SINCE last December, 180 tonnes of rubbish has been collected off Balearic beaches, said the regional ministry for Environment and Transport yesterday.
Minister Gabriel Vicens said however that it is an improvement on the 278 tonnes which were produced by the 2008-2009 season.
The reason for the difference he explained is due to the bad autumn and winter weather of 2008 when heavy, continuous rainfall swept much debris down the torrentes (flood channels) into the sea.
The cleaning services, which include people belonging to mental health associations, have removed all manner of rubbish from 348 beaches and coves around 125 kilometres of coastline.
A report on the cleaning work, presented by Vicens, confirmed that a total of 15 mentally handicapped people worked in tandem with 5 monitors from the associations to which they belonged, as well as 36 employees from the cleaning companies awarded the contract to keep the coastline clean.
Analysing the material which was collected during the rubbish clearance programme, 42 percent was natural wood; bottles, jars and tins (23 percent) and organic material (15 percent).
Vicens said that in a region like the Balearics which depends on the tourist industry for its livelihood, cleaning the beaches out of season was essential.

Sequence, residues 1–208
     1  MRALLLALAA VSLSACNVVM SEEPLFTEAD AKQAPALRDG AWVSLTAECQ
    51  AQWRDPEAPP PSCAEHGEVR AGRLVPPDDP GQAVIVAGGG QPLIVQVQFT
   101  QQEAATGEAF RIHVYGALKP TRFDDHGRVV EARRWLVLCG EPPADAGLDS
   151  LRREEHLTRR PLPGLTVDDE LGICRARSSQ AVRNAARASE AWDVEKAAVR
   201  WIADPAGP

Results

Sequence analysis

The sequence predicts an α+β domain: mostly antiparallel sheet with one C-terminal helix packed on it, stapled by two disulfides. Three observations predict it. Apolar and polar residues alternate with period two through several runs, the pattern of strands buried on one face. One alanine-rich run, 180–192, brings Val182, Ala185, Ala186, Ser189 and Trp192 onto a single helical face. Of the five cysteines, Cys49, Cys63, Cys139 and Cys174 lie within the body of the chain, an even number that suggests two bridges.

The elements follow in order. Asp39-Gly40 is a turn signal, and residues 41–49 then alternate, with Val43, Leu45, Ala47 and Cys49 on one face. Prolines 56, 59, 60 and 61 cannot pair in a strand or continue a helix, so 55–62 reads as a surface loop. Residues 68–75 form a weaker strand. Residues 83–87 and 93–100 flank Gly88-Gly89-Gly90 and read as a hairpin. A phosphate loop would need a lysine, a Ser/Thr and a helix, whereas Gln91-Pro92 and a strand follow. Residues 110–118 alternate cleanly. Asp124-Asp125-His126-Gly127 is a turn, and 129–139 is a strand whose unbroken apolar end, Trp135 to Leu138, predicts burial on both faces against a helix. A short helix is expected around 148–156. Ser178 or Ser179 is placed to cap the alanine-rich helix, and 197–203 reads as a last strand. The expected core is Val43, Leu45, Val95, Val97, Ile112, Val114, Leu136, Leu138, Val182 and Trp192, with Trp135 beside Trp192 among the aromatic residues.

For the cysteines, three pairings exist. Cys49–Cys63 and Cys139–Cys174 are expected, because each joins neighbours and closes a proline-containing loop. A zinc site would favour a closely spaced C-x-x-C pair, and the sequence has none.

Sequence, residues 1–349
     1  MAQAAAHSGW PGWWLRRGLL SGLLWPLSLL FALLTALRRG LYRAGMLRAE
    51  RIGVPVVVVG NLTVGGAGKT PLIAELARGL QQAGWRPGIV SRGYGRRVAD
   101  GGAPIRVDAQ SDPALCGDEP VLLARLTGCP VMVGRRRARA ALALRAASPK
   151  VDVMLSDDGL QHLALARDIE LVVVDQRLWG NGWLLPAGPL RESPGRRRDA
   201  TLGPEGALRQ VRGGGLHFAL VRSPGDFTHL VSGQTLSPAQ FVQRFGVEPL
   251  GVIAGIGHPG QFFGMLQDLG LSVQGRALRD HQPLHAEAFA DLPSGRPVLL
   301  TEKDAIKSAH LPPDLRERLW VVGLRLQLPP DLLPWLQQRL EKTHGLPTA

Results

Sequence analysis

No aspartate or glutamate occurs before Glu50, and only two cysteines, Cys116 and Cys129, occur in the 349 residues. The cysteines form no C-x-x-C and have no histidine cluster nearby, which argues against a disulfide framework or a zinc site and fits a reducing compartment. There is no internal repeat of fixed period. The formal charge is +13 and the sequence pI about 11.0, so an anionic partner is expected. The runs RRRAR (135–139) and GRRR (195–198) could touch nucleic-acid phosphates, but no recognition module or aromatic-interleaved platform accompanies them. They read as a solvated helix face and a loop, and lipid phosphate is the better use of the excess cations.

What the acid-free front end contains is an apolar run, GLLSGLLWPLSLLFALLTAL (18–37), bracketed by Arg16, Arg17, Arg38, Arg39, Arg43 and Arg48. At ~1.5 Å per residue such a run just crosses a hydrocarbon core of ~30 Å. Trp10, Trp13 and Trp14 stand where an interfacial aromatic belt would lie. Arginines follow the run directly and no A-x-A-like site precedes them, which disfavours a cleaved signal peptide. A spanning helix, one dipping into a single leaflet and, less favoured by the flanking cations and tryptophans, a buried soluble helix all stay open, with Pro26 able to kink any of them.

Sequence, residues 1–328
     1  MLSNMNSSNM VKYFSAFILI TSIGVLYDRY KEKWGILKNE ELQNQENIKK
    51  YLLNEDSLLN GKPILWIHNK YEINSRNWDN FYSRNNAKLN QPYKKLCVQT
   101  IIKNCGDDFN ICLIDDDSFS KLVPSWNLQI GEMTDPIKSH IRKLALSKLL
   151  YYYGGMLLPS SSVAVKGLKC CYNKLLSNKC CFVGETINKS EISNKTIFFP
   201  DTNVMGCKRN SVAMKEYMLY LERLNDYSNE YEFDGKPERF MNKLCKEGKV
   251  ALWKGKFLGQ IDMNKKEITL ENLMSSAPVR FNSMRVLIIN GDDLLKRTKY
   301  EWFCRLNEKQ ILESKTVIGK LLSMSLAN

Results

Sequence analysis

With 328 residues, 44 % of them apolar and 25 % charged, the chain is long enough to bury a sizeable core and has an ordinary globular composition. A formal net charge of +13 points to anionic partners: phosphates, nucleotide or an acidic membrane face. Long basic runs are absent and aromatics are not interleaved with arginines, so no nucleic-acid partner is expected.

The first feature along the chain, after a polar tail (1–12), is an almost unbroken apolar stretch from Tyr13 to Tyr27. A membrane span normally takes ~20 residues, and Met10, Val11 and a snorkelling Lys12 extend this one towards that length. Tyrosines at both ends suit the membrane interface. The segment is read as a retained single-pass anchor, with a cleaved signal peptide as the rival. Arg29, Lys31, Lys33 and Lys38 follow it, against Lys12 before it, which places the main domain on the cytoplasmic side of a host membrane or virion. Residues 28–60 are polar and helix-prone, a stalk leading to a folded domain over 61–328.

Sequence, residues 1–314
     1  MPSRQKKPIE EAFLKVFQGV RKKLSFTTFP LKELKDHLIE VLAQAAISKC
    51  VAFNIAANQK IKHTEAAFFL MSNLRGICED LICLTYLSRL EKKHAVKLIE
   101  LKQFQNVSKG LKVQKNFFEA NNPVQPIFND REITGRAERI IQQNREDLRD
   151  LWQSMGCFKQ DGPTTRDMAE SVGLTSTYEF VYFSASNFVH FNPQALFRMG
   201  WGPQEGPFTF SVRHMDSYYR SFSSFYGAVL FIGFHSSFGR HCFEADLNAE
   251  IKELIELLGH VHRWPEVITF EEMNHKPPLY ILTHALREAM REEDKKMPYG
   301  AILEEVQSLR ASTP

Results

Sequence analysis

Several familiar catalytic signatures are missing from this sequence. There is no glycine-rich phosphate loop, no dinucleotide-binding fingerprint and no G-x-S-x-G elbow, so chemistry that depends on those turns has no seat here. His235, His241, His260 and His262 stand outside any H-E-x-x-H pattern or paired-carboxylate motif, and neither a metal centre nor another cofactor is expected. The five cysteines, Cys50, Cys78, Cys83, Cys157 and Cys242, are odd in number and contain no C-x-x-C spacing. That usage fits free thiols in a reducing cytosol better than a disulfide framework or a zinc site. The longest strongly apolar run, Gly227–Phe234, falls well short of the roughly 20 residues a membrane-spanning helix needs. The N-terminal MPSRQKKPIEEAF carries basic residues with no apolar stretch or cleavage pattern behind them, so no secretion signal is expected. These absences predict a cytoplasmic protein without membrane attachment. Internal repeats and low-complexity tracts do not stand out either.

Increasingly, said the Minister, both residents and tourists are using the beaches in the winter months either to walk, or for sporting and leisure activities. It's important the beaches are kept in good condition, said Vicens. The Minister said that the Environment and Tourism departments tackle the build-up of rubbish from two fronts. Specially-designed cleaning boats which are able to capture flotsam and jetsam before it drifts on shore scour the coastline in the summer months.
Vicens said that the cleaning programme is not just in place to provide a good impression to tourists but also to promote a healthy environment, to keep the coastal dune systems in good order and to contribute to the ecological balance of the islands.